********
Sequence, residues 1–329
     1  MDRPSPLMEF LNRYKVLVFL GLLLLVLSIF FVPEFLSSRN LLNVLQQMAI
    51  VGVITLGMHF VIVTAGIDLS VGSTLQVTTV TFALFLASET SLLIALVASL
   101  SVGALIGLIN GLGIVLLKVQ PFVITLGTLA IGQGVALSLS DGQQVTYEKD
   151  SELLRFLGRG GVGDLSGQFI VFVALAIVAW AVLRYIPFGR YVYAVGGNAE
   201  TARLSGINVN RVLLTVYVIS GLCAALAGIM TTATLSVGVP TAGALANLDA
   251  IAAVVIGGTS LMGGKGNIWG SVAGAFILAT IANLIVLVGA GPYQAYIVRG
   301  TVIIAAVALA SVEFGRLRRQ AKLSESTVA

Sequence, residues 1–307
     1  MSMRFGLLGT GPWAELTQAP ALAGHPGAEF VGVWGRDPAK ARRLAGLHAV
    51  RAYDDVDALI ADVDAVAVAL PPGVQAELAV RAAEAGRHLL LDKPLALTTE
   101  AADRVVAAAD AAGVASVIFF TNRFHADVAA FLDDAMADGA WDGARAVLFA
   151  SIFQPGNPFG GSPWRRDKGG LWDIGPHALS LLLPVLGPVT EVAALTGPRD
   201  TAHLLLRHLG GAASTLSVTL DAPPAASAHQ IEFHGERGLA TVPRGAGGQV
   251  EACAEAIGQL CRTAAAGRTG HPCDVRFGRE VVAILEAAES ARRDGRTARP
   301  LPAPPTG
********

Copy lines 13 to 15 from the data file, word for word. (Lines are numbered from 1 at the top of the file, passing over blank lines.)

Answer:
   151  SIFQPGNPFG GSPWRRDKGG LWDIGPHALS LLLPVLGPVT EVAALTGPRD
   201  TAHLLLRHLG GAASTLSVTL DAPPAASAHQ IEFHGERGLA TVPRGAGGQV
   251  EACAEAIGQL CRTAAAGRTG HPCDVRFGRE VVAILEAAES ARRDGRTARP